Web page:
Turks whip up storm of disapproval over Pope's Istanbul visit

Pope Benedict was given another warning yesterday of what lies ahead for him in Turkey when more than 20,000 people demonstrated against his coming visit in central Istanbul and urged him to stay at home.

Huge banners stretched across the road screamed "Papa Gelmesin" - "The Pope should not come"- and placards carried caricatures of the Pope and his Christian Orthodox counterpart Bartholomew I scheming together to recreate the Byzantine empire - all signs of the paranoid fear that campaigners against the visit are stirring up.

"The Crusades - what a very peaceful walk!" said one placard; another, "The Pope - the man who stuck out his tongue at the Prophet Mohamed and Islam."

The demonstration, which was peaceful, was the latest in a series of protests against the visit, which begins in Ankara tomorrow. First a man fired a gun outside the Italian consulate in Istanbul and yelled that he wanted to strangle the Pope. Last week, members of the so-called Grey Wolves, the Nationalist Movement Party to which Mehmet Ali Agca, the Turk who tried to assassinate Benedict's predecessor in 1981, belongs, invaded Hagia Sophia, the ancient cathedral-turned-mosque-turned museum in Istanbul, and ostentatiously prayed (which is forbidden) in protest.

The Pope's first visit to a majority Muslim country was never going to be straightforward, but the pontiff made it much more difficult for himself in September when, during an address in the German city of Regensburg, he quoted a 13th-century Byzantine emperor as describing Islam as "evil and inhuman" because it countenanced conversion by the sword. After Ali Bardakoglu, director of Turkey's Department of Religious Affairs, drew attention to the insult, the chorus of anger rose to a crescendo. Ali Bardakoglu is the first important Turk the Pope will meet.

"Pope Benedict XVI ... alienated a billion Muslims with his speech," wrote one Turkish columnist. In Turkey "he will find very few real sympathisers ... and a lot of non-welcomers".

Yesterday's protest was organised by the Sadat ("Happiness") party, an Islamist group from which the party that rules Turkey today, the Justice and Development Party, split away during the 1990s. Today Happiness is a marginal player in Turkish politics, gaining only 3 per cent of votes at the last election. But opponents of the visit comprise a broad coalition, from Islamists to secular nationalists.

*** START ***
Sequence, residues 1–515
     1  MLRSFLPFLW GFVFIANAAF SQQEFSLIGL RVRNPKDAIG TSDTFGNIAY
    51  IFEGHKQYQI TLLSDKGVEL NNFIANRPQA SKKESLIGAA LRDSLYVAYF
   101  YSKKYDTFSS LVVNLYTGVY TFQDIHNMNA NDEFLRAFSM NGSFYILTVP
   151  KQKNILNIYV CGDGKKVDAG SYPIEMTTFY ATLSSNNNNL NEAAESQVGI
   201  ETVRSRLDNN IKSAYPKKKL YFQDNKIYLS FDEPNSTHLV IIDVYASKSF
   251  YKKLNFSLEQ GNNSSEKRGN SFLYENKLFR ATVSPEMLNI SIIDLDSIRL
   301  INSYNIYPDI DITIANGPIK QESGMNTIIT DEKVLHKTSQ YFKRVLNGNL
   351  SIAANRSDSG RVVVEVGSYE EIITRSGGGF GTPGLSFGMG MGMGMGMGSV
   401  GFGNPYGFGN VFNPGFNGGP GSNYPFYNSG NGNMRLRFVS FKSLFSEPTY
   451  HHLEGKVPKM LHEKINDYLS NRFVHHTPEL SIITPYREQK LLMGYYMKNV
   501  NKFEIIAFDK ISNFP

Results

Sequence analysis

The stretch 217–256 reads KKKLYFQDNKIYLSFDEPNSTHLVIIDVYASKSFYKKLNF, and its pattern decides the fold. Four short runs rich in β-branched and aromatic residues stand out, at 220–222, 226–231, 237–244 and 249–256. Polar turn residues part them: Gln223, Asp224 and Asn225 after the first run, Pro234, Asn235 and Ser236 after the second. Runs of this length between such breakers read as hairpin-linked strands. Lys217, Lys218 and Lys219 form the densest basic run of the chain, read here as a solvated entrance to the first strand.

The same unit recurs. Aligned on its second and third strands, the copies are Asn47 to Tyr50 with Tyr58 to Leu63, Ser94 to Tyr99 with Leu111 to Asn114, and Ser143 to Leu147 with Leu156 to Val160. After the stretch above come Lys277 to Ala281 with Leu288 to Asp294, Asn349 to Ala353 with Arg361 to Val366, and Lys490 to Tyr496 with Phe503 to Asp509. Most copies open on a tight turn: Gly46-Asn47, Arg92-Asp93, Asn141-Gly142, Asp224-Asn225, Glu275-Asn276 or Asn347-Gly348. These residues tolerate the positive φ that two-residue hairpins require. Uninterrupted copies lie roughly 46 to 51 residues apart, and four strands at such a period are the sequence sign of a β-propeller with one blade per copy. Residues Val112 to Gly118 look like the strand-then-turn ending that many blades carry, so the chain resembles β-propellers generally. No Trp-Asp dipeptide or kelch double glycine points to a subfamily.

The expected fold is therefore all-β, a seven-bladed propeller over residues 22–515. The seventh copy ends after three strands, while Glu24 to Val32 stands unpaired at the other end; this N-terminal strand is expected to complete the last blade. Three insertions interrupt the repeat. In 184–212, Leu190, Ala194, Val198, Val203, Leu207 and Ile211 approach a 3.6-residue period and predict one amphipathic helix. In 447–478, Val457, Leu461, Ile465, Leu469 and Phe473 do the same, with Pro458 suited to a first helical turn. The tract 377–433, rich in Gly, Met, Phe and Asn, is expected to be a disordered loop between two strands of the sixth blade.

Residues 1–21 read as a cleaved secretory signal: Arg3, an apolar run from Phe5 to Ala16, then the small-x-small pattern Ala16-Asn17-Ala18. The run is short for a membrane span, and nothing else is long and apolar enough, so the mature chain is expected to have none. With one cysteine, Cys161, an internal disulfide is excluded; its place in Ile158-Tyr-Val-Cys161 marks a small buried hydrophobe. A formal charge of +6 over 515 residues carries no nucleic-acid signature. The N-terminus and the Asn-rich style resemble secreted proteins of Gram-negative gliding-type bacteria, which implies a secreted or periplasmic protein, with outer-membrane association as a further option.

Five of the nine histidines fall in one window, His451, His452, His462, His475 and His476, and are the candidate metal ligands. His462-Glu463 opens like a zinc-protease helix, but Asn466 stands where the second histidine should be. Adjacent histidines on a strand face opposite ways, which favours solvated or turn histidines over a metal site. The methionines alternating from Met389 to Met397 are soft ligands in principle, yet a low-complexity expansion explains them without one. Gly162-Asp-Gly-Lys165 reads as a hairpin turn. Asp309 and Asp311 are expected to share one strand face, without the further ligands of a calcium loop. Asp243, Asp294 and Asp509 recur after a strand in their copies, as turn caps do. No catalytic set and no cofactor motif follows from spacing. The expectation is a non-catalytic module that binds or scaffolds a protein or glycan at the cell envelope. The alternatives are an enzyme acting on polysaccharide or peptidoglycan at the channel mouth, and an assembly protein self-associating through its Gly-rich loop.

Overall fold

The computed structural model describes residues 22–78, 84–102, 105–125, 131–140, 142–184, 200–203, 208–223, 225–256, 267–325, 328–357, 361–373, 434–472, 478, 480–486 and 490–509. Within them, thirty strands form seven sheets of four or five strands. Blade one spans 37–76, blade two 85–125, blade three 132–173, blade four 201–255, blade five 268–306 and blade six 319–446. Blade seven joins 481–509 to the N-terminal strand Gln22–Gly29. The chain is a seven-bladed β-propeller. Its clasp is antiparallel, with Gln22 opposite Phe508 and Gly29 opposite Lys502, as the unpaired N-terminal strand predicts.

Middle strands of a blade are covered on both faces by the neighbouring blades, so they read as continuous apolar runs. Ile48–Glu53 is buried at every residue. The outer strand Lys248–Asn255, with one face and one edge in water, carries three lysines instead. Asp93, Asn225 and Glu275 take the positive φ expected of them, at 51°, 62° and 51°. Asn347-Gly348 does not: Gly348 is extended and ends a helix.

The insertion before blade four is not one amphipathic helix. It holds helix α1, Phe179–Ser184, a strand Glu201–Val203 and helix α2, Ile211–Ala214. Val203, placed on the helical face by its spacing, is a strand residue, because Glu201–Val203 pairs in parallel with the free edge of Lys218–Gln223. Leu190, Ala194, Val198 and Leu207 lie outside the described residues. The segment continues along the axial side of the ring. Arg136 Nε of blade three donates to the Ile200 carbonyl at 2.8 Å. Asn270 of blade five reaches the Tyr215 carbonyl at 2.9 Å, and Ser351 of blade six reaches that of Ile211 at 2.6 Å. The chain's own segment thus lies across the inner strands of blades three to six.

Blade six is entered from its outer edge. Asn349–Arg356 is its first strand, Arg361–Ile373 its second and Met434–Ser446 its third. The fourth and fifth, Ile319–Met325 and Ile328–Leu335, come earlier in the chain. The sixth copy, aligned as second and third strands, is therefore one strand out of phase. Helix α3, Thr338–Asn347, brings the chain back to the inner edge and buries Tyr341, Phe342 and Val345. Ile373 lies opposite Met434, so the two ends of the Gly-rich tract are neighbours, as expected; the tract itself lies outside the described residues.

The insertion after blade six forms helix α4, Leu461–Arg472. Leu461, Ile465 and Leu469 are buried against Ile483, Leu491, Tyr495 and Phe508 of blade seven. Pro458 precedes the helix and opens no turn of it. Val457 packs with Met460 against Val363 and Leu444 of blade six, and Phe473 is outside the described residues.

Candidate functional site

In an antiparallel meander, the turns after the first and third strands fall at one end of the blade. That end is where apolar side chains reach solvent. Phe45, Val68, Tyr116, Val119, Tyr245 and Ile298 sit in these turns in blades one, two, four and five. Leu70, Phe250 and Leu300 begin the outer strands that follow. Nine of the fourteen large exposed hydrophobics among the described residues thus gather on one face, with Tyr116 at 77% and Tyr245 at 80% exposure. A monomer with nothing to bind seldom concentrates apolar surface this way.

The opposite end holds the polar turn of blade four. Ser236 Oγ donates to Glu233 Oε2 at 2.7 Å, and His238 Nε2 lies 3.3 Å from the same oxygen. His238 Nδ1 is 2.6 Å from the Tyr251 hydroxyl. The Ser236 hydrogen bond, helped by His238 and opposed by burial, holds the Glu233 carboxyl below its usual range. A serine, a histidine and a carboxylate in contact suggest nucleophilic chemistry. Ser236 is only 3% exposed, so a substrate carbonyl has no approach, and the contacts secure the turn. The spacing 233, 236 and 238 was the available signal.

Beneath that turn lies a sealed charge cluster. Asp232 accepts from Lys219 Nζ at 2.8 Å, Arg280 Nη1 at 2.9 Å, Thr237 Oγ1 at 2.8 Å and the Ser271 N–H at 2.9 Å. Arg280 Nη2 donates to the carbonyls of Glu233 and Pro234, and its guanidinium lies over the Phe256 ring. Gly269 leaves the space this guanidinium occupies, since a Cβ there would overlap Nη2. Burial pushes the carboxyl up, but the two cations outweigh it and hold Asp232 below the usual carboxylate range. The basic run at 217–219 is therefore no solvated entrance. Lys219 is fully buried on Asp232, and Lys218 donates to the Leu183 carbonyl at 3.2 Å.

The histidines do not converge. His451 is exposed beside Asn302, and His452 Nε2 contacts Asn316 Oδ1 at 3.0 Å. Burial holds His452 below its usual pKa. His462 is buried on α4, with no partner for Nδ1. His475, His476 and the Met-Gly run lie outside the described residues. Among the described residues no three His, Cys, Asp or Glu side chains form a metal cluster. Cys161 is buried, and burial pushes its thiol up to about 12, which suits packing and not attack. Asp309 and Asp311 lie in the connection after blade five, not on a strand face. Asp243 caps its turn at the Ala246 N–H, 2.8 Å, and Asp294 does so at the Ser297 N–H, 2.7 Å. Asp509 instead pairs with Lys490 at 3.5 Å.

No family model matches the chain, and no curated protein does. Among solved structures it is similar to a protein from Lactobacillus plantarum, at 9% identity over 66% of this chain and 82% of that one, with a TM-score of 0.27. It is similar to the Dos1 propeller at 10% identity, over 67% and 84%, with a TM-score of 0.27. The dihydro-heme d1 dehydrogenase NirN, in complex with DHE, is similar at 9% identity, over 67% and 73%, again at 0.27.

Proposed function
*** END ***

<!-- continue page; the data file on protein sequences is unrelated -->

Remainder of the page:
The decision by the Prime Minister, Tayyip Erdogan, not to meet the Pope - he will be away at a Nato summit - shows how much of a hot potato the visit has become. The tension and hostility is partly Benedict's fault, but it is largely the result of a very ugly history. When Pope Paul VI visited in 1965, he became the first pope to come to Istanbul in nearly a millennium.

The Crusades, especially the Fourth, during which Crusaders killed, cooked and ate the population of a village in their path, convinced Muslims and Orthodox Christians that the Christians of the West were malign barbarians. The privileges for Christians extracted by the great powers early in the 20th century and plans to divide Turkey between Greeks, French and Italiansconfirmed the opinion.

During his Sunday words to the crowd in St Peter's Square yesterday, the Pope said: "I want to send a cordial greeting to the dear Turkish people, rich in history and culture ... To this people and their leaders I express feelings of esteem and of sincere friendship."

In a last-minute change to the schedule, the Vatican announced that as well as visiting Hagia Sophia, the Pope will also call in on the Blue Mosque nearby, as a gesture of respect. But the Turks are taking no chances: Benedict, they say, will be given the same level of protection that would be given to President Bush.

The itinerary

* ANKARA

The Pope opens his Turkish tour tomorrow in the capital, where, after seeing the President, he will have a meeting with Ali Bardakoglu, the first important Muslim to denounce his Regensburg address. Demonstrations are expected in the city, and thousands of riot police are on standby.

* EPHESUS

The Pope is flying on Wednesday to the place where, according to tradition, St John the Evangelist brought the Virgin Mary in her old age and where she is said to have been assumed into heaven. He will celebrate mass nearby.

* ISTANBUL

Benedict then flies to Istanbul to meet the Greek Orthodox Patriarch, Bartholomew I, whose invitation was the reason for the trip. He will also visit the Blue Mosque.